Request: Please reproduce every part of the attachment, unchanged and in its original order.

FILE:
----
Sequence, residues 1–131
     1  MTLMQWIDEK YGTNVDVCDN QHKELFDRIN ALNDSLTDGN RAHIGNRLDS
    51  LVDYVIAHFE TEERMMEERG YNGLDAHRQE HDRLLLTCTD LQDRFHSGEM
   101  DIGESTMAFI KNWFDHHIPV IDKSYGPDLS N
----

Sequence, residues 1–131
     1  MTLMQWIDEK YGTNVDVCDN QHKELFDRIN ALNDSLTDGN RAHIGNRLDS
    51  LVDYVIAHFE TEERMMEERG YNGLDAHRQE HDRLLLTCTD LQDRFHSGEM
   101  DIGESTMAFI KNWFDHHIPV IDKSYGPDLS N